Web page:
Internal WiP: Professor Elvio Baccarini
Date: Wednesday 24 October, 2.30 – 4pm
Venue: Oxford Martin School, Seminar Room 2
Title: Biomedical Moral Enhancement of Criminal Offenders
Abstract: In this paper I discus some moral aspects of the biomedical moral enhancement (BME) of criminal offenders. My discussion builds on earlier proposals by Tom Douglas and Jeff McMahan. One of the basic assumptions of the paper is that we can do to criminal offenders some things that we cannot do to other members of society. Another important assumption is that one of the considerations that are relevant when we assess the implementation of rights and values is represented by its costs of. Thus, when we assess the justified treatment of criminal offenders, we must consider costs of alternative treatments. On these bases I argue, similarly to previous works of other authors, that mandatory BME of severe criminal offenders who refuse rehabilitation can be justified to reduce imprisonment costs. The comparison of costs is not the only relevant consideration. The strength of rights and values related to resistance to rehabilitation needs to be compared with that of rights and values in other contexts.
The opponents of the mandatory BME of severe criminal offenders resistant to rehabilitation appeal to values and rights that, in general, constitute strong normative considerations. The intention of the paper is to show, however, that in the relevant context, these rights and values serve at most to firmly ensure to subjects the right to be left alone. Supporting this right does not solve exhaustively the issue. In fact, criminal offenders who refuse rehabilitation (1) render the issue an allocative one, because of the costs of imprisonment. Thus, besides the right of being left alone it has to been shown that their claims are stronger than competing claims, like claims to healthcare or good education. In addition, these offenders (2) reduce the strength of the rights and values that are invoked by the critics of mandatory BME.
The arguments of opponents of mandatory BME are discussed in three contexts: a perfectionist debate about values, a debate about rights, as well as respect due to agents. The main example that is discussed is the appeal to autonomy, with related rights.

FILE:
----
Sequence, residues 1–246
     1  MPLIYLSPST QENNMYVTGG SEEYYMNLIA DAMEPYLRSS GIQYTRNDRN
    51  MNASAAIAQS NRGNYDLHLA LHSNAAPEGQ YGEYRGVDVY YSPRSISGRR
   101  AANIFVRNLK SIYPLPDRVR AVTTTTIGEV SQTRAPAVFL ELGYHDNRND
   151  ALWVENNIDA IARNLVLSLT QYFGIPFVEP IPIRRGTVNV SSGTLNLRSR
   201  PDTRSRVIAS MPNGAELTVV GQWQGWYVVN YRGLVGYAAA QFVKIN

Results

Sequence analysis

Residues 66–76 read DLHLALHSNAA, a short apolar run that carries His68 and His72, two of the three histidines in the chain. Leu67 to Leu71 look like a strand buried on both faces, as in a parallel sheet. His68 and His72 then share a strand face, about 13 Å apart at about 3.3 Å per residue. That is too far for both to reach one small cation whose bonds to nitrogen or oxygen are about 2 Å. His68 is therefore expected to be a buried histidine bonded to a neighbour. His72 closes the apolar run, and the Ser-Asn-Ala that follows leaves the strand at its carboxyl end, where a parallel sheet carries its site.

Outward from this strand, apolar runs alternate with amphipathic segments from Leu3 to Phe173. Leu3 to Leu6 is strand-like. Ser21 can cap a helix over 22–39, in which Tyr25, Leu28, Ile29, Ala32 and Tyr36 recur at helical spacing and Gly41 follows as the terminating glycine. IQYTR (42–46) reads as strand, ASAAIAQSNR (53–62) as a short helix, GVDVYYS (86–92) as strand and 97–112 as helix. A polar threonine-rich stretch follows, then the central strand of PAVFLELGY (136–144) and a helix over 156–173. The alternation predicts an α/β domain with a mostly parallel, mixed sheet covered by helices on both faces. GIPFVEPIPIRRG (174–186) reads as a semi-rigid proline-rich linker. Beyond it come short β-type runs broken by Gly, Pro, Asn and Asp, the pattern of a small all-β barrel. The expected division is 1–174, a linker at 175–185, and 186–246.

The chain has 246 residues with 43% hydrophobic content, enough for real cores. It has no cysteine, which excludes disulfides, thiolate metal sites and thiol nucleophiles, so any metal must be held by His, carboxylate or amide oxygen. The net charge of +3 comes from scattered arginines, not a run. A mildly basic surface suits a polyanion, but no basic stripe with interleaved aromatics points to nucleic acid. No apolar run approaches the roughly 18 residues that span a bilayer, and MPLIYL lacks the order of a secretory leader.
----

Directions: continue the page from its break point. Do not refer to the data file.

The argument that contrasts the use of this value in the present issue follows Steven Wall’s theory of pluralist perfectionism. According to this theory, even if autonomy is needed for a wholly good human life, the life of an agent can be better without its exercise in the cases when it is exercised badly. In some cases, because the agent infringes other values, she is not living a fully good human life anyway, and, sometimes, there can be a smaller loss with a restriction of autonomy. This renders the opposition to mandatory BME weak in some cases.
An analogous argument is used in the context of appeal to autonomy related rights. Again, an important consideration is that a severe criminal offender who refuses rehabilitation does not only require to be left alone but demands support for her choice, as well. In the paper, it is accepted the assumption that society, in general, needs to support capabilities connected to autonomy related rights. However, after that a society has seen that a person persistently uses autonomy to sustain criminal dispositions, it can legitimately withdraw its support to the agent’s autonomy, if this is needed to invest social resources for other important rights and values.
Against the objection that mandatory BME sends a disrespectful message through the violation of criminal offenders’ bodily and mental integrity, I argue that BME is justified. The thesis is that a severe criminal offender who refuses rehabilitation weakens her claim to respect. Here, disrespect can represent a justified reactive moral emotion.
Booking: not required